Developing, Implementing, and Applying Novel Techniques During Systematic Reviews of Primary Space Medicine Data

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This is a duplicate record, please see for the original record. Andrew Winnard has been leading systematic review methods for space medicine projects many years to facilitate high quality and transparent synthesis of primary data to enable evidence-based practice. You can find the most up to date methods here: This paper outlines evolution of space medicine synthesis methods and discussion of their initial application. Space medicine systematic review guidance has been developed for protocol planning, quantitative and qualitative synthesis, sourcing grey data, and assessing quality and transferability of space medicine human spaceflight simulation study environments. Decision algorithms for guidance and tool usage were created based on usage. Six reviews used quantitative methods in which no meta analyses were possible due to lack of controlled trials or reporting issues. All reviews scored the quality and transferability of space simulation environments. One review was qualitative. Several research gaps were identified. Successful use of the developed methods demonstrates usability and initial validity. The current space medicine evidence base resulting in no meta analyses to be possible shows the need for standardized guidance on how to synthesize data in this field. It also provides evidence to call for increasing use of controlled trials, standardizing outcome measures and improving minimum reporting standards. Space medicine is a unique field of medical research that requires specific systematic review methods.

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... They presented the current conceptions of space medicine, and postulated the need for space medicine to mature as a distinct discipline. In one of recent papers, Winnard et al [7] provided evolution of space medicine synthesis methods. The scholars proposed space medicine systematic analysis direction for procedure arranging, quantifiable and subjective synthesis, sourcing gray information, and evaluating quality and transferability of space medicine human spaceflight simulation training settings. ...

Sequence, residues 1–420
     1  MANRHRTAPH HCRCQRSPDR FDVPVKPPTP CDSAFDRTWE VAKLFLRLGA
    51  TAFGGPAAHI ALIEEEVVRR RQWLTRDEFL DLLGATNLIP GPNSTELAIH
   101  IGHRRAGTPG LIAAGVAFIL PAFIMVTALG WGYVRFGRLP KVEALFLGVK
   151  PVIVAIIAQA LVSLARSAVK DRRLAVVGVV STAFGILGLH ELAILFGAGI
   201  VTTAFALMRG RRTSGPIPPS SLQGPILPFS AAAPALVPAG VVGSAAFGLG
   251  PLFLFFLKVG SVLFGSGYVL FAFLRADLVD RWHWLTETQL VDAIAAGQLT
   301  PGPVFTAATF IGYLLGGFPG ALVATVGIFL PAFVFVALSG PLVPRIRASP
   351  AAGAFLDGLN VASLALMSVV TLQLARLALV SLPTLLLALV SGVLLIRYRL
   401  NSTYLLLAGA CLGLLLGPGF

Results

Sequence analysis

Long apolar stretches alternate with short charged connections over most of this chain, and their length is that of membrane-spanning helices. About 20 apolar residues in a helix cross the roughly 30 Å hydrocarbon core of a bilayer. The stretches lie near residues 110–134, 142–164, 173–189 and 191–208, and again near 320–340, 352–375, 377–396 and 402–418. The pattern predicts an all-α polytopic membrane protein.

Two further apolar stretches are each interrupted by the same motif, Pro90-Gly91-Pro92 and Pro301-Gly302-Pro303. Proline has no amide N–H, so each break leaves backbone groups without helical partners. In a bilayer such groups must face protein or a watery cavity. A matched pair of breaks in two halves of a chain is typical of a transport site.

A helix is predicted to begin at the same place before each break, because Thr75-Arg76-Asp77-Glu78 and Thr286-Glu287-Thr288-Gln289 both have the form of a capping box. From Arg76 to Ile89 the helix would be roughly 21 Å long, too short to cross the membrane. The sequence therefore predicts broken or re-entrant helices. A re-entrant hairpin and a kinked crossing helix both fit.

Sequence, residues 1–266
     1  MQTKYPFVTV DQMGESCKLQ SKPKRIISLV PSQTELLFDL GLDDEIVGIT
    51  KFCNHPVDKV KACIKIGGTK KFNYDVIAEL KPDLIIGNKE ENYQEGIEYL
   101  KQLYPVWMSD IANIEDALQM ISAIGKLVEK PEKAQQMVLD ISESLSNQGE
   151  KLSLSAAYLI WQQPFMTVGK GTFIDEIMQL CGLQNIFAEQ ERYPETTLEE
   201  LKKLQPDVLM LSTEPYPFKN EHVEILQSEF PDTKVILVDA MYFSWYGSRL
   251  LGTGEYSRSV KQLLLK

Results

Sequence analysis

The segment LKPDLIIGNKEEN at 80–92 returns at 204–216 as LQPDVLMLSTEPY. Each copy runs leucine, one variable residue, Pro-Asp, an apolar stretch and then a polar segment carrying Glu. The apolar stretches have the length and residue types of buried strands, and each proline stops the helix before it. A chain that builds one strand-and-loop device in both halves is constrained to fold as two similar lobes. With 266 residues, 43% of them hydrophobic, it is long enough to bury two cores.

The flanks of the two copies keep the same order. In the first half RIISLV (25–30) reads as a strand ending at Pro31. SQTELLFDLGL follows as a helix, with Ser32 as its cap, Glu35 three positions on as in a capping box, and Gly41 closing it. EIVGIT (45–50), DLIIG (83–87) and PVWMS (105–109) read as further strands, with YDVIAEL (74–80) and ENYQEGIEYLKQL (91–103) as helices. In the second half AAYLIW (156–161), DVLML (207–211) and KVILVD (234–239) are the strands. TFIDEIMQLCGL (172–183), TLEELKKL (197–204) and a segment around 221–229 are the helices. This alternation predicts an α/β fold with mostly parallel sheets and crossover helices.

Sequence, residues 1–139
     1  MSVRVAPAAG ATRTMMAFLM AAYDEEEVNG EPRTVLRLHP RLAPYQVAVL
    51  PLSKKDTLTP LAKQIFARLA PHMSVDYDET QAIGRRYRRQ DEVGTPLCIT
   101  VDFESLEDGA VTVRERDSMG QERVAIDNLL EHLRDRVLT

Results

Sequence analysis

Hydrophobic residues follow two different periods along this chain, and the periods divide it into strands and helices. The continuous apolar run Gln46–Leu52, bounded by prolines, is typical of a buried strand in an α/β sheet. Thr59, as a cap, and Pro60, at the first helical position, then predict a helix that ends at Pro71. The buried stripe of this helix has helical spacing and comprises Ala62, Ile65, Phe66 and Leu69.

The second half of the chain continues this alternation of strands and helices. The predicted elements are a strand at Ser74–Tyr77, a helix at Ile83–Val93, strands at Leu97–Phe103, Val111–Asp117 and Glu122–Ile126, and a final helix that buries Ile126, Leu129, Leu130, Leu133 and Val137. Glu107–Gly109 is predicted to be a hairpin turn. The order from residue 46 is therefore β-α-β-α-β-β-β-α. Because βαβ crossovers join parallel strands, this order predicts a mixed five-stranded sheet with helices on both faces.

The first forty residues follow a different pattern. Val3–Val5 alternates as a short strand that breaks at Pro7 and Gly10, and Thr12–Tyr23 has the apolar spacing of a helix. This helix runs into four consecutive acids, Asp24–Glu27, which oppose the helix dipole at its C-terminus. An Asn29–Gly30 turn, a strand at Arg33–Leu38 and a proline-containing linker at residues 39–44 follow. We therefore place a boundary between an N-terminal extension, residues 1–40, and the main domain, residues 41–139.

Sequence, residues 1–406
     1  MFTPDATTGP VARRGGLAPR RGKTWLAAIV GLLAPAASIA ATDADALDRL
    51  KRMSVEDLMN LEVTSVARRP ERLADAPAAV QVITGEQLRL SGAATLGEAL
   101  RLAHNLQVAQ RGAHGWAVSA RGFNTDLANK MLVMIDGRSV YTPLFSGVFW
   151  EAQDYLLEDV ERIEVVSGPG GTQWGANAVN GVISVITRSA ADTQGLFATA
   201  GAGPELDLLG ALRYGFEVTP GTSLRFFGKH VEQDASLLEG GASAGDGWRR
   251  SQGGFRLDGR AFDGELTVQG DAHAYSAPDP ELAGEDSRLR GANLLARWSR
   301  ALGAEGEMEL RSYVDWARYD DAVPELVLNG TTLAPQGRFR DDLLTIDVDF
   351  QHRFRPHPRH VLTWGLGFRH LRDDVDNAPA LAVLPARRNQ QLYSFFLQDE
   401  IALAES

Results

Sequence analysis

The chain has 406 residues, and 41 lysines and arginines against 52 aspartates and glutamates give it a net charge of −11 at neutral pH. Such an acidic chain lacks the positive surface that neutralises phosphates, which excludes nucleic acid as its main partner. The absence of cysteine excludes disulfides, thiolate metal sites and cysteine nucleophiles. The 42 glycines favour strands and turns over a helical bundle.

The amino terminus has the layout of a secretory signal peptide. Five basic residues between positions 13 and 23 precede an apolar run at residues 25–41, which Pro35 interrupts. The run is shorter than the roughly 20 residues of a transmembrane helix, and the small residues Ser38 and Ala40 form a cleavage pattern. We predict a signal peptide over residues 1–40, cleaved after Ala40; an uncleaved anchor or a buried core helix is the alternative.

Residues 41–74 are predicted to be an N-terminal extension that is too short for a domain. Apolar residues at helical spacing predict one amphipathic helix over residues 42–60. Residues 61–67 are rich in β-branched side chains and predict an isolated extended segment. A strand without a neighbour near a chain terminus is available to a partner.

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Background: The recent discovery of a venous thrombosis in the internal jugular vein of an astronaut has highlighted the need to predict the risk of venous thromboembolism in otherwise healthy individuals (VTE) in space. Virchow’s triad defines the three classic risk factors for VTE: blood stasis, hypercoagulability, and endothelial disruption/dysfunction. Among these risk factors, venous endothelial disruption/dysfunction remains incompletely understood, making it difficult to accurately predict risk, set up relevant prophylactic measures and initiate timely treatment of VTE, especially in an extreme environment. Methods: A qualitative systematic review focused on endothelial disruption/dysfunction was conducted following the guidelines produced by the Space Biomedicine Systematic Review Group, which are based on Cochrane review guidelines. We aimed to assess the venous endothelial biochemical and imaging markers that may predict increased risk of VTE during spaceflight by surveying the existing knowledge base surrounding these markers in analogous populations to astronauts on the ground. Results: Limited imaging markers related to endothelial dysfunction that were outside the bounds of routine clinical practice were identified. While multiple potential biomarkers were identified that may provide insight into the etiology of endothelial dysfunction and its link to future VTE, insufficient prospective evidence is available to formally recommend screening potential astronauts or healthy patients with any currently available novel biomarker. Conclusion: Our review highlights a critical knowledge gap regarding the role biomarkers of venous endothelial disruption have in predicting and identifying VTE. Future population-based prospective studies are required to link potential risk factors and biomarkers for venous endothelial dysfunction to occurrence of VTE.
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